Aurelio Montes has built a wine empire of sorts, to put it mildly. He has been making wine in Chile for over three decades, but is also doing things in Argentina, Italy, and, in his latest foray, Napa Valley. “I love cabernet sauvignon, for the challenges and the rewards,” says Aurelio. We are in a small wine education room at Everything Wine, where we are tasting the icon wines, and a few other things he has on the go. Foremost on his mind are the twin impetuses of value and varietal expression. “For me, the foreboding tannic wines are not what I want. There are great wines in Bordeaux that have those qualities, but that has never been my wish, to simply copy Bordeaux. I am interested, however, in what great cabernet sauvignon can be.”
The Montes machine has taken the world by storm, beginning with its high-quality value wines, which helped put Chile on the international wine map. The Purple Angel, a marvelous cabernet grown on some of Chile’s finest vineyards, made by Aurelio himself, is a project he is proud of. “Yes, I knew the Angel would be good, but the reception around the world was gratifying. Still, I think it is only a part of a whole idea, the idea of what good winemaking, and good fruit from the vineyards can be.”
The Montes line is not exactly entry level, but they have a few fantastic wines under $20 in the Canadian market, including the remarkable malbec. Or, a pinot noir that will have heads from other parts of the New-World wagging, since it is so varietally correct, a bit on the luscious side, and also under $20. Aurelio is also responsible for the remarkable Kaiken Malbec and Kaiken Cabernet Sauvignon, that represent extreme value while providing true varietal character and fine structure. Then there are the wines we are tasting today: the Montes carmenere, and pinot noir, both exceedingly approachable and of great value; the Napa Angel and the Aurelio Reserve Napa Angel, both with what we can describe as Stags Leap character. The soft tannins and chocolate notes give great structure but are approachable even at a young age, though not all the fruit for this wine comes form that appellation. And finally, the prize possessions: Montes Purple Angel, Folly, and Alpha M. The Angel is carmenere in its finest expression, with a bit of petit verdot for lift. Folly is New-World shiraz at its best, but with the grace and restraint you might associate with the Rhône Valley. The M is a Bordeaux blend, predominately cabernet sauvignon, and in this expression, one of the world’s great wines.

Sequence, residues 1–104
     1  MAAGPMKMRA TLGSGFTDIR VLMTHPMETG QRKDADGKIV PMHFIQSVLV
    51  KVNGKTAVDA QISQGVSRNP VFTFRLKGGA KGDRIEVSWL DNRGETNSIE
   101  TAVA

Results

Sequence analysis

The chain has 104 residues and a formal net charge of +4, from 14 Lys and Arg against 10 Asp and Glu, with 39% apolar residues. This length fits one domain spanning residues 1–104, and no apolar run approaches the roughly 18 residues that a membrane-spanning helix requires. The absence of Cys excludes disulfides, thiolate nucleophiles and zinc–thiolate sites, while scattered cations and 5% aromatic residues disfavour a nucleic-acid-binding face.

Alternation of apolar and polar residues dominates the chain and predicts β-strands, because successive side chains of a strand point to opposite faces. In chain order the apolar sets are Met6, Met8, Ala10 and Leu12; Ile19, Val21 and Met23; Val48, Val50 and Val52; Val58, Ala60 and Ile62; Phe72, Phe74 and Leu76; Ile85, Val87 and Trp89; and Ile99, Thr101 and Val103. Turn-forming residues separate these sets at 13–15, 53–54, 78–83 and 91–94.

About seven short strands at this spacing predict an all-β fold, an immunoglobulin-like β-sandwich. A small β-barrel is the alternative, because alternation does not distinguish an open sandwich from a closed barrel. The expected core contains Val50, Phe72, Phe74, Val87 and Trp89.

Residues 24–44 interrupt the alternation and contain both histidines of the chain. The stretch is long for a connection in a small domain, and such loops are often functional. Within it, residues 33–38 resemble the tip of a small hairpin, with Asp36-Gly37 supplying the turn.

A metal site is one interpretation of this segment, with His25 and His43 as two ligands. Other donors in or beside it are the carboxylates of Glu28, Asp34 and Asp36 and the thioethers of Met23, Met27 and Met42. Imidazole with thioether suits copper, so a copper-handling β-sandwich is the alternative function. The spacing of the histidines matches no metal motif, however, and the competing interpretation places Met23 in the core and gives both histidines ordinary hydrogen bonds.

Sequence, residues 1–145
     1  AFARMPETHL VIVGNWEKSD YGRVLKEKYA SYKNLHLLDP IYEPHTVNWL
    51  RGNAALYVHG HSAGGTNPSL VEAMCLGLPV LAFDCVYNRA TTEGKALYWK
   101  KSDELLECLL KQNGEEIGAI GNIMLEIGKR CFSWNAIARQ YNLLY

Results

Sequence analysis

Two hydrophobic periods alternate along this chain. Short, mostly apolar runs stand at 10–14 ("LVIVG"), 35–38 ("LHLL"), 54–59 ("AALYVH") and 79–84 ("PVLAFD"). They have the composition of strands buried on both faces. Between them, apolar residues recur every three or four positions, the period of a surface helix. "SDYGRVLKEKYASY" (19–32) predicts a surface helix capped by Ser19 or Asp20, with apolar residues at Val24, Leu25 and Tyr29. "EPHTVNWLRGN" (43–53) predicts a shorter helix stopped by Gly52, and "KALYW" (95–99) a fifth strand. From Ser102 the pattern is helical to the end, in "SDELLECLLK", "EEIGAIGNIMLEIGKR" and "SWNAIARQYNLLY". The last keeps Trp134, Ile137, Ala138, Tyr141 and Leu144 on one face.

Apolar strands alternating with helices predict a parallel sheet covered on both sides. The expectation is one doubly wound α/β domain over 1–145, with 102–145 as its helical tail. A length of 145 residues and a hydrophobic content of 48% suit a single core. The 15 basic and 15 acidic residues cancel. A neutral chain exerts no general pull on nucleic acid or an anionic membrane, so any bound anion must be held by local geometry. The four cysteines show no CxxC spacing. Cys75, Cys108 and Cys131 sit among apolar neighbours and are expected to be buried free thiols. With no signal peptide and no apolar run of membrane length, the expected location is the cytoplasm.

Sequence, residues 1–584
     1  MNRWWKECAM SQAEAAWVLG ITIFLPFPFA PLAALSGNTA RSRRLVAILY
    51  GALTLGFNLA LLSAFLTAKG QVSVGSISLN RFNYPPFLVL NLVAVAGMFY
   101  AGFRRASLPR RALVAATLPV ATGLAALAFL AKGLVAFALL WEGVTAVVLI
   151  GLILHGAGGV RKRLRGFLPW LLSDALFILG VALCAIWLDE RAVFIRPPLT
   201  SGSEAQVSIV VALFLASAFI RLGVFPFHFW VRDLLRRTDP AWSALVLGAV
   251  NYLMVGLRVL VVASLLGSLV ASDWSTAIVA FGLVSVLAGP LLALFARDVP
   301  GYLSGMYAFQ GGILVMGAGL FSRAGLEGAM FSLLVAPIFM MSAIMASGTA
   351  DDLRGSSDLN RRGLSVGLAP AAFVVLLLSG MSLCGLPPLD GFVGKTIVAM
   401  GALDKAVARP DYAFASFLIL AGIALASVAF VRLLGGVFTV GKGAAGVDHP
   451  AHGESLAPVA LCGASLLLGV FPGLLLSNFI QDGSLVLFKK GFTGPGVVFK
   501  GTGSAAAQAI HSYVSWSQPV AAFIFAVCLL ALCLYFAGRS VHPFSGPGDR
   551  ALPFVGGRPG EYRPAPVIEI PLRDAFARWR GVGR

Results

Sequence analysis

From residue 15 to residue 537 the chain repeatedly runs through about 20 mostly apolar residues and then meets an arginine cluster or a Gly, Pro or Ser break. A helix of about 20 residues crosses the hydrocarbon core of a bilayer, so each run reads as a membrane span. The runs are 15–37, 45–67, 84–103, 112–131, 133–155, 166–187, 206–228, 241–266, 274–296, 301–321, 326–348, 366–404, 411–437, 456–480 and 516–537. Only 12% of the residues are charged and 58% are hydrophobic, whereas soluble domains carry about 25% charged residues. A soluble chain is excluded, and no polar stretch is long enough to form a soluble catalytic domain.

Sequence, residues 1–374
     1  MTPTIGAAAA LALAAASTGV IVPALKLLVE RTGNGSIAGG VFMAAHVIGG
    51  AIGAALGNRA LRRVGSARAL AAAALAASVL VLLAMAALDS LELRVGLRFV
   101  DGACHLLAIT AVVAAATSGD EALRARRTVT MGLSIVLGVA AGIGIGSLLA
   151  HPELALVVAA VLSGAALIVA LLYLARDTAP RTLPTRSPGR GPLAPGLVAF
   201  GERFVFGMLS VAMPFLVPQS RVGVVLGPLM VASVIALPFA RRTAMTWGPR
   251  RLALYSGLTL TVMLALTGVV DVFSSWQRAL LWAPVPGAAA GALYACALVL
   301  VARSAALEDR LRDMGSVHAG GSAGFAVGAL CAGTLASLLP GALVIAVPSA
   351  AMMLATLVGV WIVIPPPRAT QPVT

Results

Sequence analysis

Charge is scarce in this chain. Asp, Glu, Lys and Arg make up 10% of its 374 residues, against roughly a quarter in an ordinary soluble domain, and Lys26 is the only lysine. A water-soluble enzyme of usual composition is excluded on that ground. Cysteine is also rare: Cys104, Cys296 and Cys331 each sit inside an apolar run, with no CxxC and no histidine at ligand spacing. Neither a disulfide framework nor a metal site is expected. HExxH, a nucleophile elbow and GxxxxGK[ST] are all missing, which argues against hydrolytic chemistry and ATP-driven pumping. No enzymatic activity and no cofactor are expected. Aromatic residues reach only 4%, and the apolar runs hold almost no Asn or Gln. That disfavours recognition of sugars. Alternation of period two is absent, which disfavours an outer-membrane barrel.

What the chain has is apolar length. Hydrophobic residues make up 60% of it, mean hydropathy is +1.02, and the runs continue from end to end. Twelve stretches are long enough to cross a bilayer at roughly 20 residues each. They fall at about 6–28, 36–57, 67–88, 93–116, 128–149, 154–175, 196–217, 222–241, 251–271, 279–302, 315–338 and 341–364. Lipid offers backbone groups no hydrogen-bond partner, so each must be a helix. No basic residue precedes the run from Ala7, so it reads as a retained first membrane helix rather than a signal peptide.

Mr. Montes concludes this private meeting, and says, “Perhaps we should go out to the tasting room now. I would like to show people here in Canada what the wines are all about.” Agreed.
As he explains the Montes style, and the philosophy that drives it, his passion becomes evident. It lingers in the mind even after he is gone. Thankfully, there are the wines to continually remind us.
Photos: Viña Montes.